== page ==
Originally posted by Kallie/Catcher's Mom+Jul 26 2005, 06:19 AM-->
@Jul 26 2005, 12:24 AM
I think jackie's advice is great. aside from being the "alpha dog" part. I learned that kenji was very VERY aggressive. He was neutered after being a year old, and being the male of him and I. We live in an apartment and he hadn't been socialized very much so he has the need to protect me from mostly everyone he doesn't familiarize himself with or feel "safe" around. I read a lot of books about punishment... I don't hit my dog. I use the old traiditional way of other alpha dogs in a pack. The alpha dog does not "hit" like a human. Instead, they pounce on them and put them on their back. For you, just pick up your dog as soon as you see something he is doing as disobedience, and lay him on his back putting very little pressure (like friendly patting but constant pressure) with one hand on his neck and chest... the other hand is creadling his neck and back during the flip. The alpha dog in every pack will "pin" the other dog down to teach him who's boss. they bite the neck and put them on their belly. Instead... gently pick up your pooch immediately after the deed,put him on his back gently and say "no". your hands should be placed GENTLY on their chest and neck (your hand an "L" figure with thumb outstanding) to put soft pressure on their chest when laid on their back. The trick is to pick them up and flip them on their back GENTLY. Your other hand is cradling their head and neck so you don't bump their head... you need to do this on a soft surface anyway. I'm used to it so i flip him over wherever he is bad. You just gotta get the feel of flipping him over. Practice on the bed if he ever starts biting. The "turtle" position is submissive and they will usually stop barking or assume your position as alpha in command.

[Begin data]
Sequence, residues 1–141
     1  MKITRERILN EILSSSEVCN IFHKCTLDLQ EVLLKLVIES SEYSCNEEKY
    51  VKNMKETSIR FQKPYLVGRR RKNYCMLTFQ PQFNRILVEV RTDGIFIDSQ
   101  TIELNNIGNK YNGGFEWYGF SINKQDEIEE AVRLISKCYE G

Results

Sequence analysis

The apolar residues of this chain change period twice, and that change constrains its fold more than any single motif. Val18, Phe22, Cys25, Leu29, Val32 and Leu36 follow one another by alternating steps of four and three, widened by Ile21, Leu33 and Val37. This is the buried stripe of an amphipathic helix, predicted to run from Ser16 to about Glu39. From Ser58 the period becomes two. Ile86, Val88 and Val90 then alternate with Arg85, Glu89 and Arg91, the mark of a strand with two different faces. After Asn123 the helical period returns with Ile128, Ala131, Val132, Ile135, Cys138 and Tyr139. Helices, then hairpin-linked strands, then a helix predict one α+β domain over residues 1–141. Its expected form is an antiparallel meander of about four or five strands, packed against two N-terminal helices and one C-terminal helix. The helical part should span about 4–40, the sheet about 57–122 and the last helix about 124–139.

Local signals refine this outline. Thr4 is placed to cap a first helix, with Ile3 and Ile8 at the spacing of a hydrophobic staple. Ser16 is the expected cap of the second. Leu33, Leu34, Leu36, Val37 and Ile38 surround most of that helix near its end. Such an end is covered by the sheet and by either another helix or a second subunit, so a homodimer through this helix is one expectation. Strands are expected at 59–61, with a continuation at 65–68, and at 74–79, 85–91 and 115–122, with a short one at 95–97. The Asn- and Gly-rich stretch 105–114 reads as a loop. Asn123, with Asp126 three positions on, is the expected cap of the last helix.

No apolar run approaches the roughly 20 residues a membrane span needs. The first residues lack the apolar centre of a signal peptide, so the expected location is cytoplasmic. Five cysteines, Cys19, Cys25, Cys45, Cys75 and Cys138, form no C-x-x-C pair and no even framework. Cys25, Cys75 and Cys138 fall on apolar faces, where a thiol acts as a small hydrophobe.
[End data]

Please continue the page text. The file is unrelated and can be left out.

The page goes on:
What you are describing is the "alpha roll" and it indeed is an "old traditional" method but it is now out of favor and has been proven to not be good to do. I didn't know any better with my first Malt in 1990 and I used it and had terrible results. Here are some up-to-date articles about this practice:
The Alpha Roll
, once hailed as the premier way to prove to your dog who's "Alpha" (Boss) in the family, has been replaced by a gentler, more successful way of training. Now the Alpha Roll, besides being obsolete, has proven to be detrimental to the health and mental well-being of your dog, as well as downright dangerous to the "Roller".
What is an Alpha Roll?
An Alpha Roll is the act of flipping your dog onto his back, and holding his throat. Supposedly this will teach him that YOU are Alpha, and he will respect you for this.
Why The Apha Roll Is Dangerous
Dog Park member Violetcows said it best:
"The only reason that a dog will FORCEFULLY flip another dog over on its back is to kill the animal. By forcing an animal to submit in that way you are literally putting the fear of death into them, they think you are trying to kill them. It is not surprising that a lot of people get bit trying to do the alpha roll - the dog believes that the human is trying to kill them so they try and defend themselves. Doing this behavior to an already dominant animal can increase the likelihood of aggression. Doing this to an already submissive animal will increase the fear in that animal - leading to submissive urination and possible fear biting. Hands should never, ever be used to hurt an animal - an alpha roll does just that and its efficacy at asserting dominance is next to zero."
My trainer said the same thing. When Lexi started growling at me back in Jan I did this. When I told my trainer he said that was the wrong thing to do. He had me do positive reinforcement and the NILIF program.